Chicago should host 2024 Democratic National Convention, mayor says
After touting Chicago’s abundance of hotel rooms, an array of world-class restaurants and “arts and culture” second to none, the mayor added: “I will also say, we’re a really fun city in the summer time.”
Chicago has a “compelling and convincing story to tell” about why it is the right choice to host the 2024 Democratic National Convention — in spite of its international reputation as a haven for violent crime, Mayor Lori Lightfoot said Thursday.
One day after joining the team of Democratic heavyweights in Illinois that went public with their interest in hosting the convention, Lightfoot played the role of Chicago cheerleader. The only things missing were the pompoms.
She argued Chicago is “ideally situated” to host its first political convention since 1996 and has the “strengths and bonafides” Democrats want and need: an abundance of hotel rooms; an array of restaurants that are the envy of the culinary world; and arts and culture second to none.
The Democratic National Committee has yet to release the specific criteria for interested convention cities. But Lightfoot is certain Chicago has “got it all.”
Mentioning Wintrust Arena, site of her 2019 inauguration, Lightfoot said the city has “expanded the offerings exponentially” since the nearly-flawless and picture-perfect 1996 Democratic National Convention at the United Center that exorcised the demons of 1968.
“I think we’ve got a very good and compelling story to tell — and a convincing story — that Chicago is the right choice, aside from all of the amenities that we can offer,” the mayor said.
“I will also say, we’re a really fun city in the summer time.”
Chicago closed the book on 2021 with 836 homicides, the highest total in a quarter-century. Despite incremental progress, shootings, carjackings and strong-arm robberies continue at troubling levels. Carjackings are through the roof.
Meanwhile, Chicago police officers are retiring in droves. Scores of officers have taken jobs in the suburbs or other states.
The Chicago Police Department is down to 11,730 sworn officers. In January 2019, it had 13,353.
On Thursday, Lightfoot was asked how she will convince her fellow Democrats to return to Chicago while the city grapples with violent crime and a carjacking wave that makes some motorists afraid to drive alone — not just at night, but during the day, too.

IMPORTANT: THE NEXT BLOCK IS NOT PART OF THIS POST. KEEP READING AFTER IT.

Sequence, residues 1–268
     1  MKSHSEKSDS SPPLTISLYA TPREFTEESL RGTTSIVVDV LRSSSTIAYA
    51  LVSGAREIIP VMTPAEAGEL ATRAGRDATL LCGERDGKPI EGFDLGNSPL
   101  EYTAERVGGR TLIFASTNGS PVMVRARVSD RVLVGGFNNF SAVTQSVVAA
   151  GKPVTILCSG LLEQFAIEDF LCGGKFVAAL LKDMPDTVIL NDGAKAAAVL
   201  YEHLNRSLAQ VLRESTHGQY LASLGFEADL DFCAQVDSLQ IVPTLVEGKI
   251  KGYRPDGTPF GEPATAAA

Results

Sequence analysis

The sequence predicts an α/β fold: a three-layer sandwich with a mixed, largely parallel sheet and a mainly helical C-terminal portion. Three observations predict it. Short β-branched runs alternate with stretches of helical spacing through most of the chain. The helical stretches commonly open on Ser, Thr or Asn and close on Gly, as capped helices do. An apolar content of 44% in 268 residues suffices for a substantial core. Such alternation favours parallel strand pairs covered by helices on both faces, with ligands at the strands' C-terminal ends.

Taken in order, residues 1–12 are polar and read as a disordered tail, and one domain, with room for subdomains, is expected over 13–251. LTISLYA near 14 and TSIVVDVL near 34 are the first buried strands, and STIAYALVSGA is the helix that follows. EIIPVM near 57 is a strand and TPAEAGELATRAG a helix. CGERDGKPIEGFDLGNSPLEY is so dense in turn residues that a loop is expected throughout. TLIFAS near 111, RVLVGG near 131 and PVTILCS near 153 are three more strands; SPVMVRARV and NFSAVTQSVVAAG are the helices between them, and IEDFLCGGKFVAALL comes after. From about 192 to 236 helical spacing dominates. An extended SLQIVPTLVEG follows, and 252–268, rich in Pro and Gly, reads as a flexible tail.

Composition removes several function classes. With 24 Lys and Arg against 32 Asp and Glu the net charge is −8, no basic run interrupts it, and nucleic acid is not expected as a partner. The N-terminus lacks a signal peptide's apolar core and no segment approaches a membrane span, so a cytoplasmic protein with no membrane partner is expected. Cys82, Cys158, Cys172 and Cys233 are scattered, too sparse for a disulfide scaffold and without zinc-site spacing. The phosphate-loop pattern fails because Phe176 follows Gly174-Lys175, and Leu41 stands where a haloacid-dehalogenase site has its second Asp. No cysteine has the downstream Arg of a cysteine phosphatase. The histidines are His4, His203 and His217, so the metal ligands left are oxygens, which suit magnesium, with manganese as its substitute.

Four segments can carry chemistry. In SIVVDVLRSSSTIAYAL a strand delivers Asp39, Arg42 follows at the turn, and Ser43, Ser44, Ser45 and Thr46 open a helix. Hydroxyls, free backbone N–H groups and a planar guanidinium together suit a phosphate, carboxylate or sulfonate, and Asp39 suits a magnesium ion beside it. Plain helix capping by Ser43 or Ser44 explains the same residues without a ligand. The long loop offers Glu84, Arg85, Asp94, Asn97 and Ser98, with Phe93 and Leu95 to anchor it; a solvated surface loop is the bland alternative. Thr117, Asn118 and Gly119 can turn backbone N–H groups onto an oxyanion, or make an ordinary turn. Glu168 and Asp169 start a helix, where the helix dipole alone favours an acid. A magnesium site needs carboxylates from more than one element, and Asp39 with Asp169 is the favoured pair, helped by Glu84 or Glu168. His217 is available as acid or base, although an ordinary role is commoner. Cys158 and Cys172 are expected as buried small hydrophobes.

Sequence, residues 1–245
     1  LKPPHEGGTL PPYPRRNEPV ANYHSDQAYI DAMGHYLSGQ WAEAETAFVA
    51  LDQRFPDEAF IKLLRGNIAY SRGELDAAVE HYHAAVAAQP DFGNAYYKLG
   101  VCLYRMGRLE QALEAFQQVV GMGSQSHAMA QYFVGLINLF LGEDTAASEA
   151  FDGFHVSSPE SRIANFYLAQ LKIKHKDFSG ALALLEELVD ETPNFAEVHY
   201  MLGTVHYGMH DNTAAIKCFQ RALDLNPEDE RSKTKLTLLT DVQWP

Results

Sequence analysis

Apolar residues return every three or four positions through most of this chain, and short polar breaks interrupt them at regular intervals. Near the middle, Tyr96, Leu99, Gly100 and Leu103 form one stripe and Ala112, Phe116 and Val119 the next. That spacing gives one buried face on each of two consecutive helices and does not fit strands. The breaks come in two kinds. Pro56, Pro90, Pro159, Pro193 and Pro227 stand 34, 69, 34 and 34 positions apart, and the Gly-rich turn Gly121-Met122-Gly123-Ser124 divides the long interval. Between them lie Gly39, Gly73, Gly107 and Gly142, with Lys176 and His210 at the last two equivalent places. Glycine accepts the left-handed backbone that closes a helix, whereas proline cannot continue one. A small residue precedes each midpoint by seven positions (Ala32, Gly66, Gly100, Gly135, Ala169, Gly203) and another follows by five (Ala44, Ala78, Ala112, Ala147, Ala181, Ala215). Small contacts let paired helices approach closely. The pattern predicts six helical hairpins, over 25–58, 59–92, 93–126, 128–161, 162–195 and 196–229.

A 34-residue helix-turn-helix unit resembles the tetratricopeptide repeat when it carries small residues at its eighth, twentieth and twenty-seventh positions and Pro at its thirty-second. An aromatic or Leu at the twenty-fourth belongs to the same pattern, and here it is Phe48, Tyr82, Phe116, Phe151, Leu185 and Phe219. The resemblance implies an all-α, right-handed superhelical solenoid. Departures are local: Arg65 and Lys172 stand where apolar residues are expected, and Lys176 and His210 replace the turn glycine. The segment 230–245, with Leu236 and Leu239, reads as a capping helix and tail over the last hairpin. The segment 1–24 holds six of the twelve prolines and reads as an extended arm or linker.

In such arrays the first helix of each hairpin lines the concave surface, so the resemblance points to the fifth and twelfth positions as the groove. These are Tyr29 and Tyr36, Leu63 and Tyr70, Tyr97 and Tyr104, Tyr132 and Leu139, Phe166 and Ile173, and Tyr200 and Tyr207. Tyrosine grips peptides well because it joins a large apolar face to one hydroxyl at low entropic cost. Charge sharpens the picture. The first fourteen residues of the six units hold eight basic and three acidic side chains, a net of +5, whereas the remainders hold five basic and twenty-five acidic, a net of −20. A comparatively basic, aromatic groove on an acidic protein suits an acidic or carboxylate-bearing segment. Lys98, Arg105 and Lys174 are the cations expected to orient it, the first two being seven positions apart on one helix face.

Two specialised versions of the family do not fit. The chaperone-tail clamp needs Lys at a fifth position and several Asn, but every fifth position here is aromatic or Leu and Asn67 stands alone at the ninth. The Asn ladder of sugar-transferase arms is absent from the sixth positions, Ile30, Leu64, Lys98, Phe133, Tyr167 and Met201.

She replied by talking about “the progress that we’re making” and the fact that Chicago is not alone.
“The truth is, every major American city — and certainly those led by Democratic mayors — are facing the same kind of challenges that we’re facing,” Lightfoot said.
“I’m happy to report that, end of quarter, we’re down in shootings. We’re down in homicides. And we’re down in carjackings. Not enough. Not enough, I hasten to add. But we’re making real, meaningful progress.”
Downtown Ald. Brian Hopkins (2nd) served as White House transportation coordinator for the 1996 Democratic National Convention in Chicago.
In the days before Uber and Lyft, Hopkins oversaw a fleet of 25 Chevrolet SUVs parked at the Sheraton Chicago in Streeterville that shuttled VIP’s to and from the United Center. He worked from a “special guest list compiled by the White House.”
“I have fond memories of how well that event was managed. Even the weather. We had two perfect weeks of August weather in 1996. I remember people saying what a beautiful climate Chicago had. I would, of course, agree with them and secretly chuckle to myself, like, ‘If they only knew,’” Hopkins said.
“It was like the heavens smiled upon us for that particular event. We really got a lot of mileage out of it in terms of promoting Chicago’s image on an international scale. Not that it’s a guarantee that it would happen again. But certainly, the opportunity would be there if we get it right.”
Hopkins said he’s all for making another run at hosting the Democratic National Convention in Chicago even though 1996 will be difficult to duplicate.
“If we really focus on hosting a perfect event on an international stage, it can only help right now as we struggle to regain conventions and trade shows. As we talk about the impact of a possible casino on tourism, having a national convention could feed right into that,” Hopkins said.
“In ’96, we purged the ghost and stigma of the ’68 convention. If we were to have another one, we could really move the needle in terms of Chicago’s international reputation.”
Ald. Walter Burnett (27th), whose ward includes the United Center, said the 1996 convention “cleaned up the city” and made the West Loop and Fulton Market “what it is today.”
“It’s great for tourism. It highlights the city,” he said.
“And it would really make people see the better parts of Chicago, instead of the bad things they read in the newspaper [and see] on television.”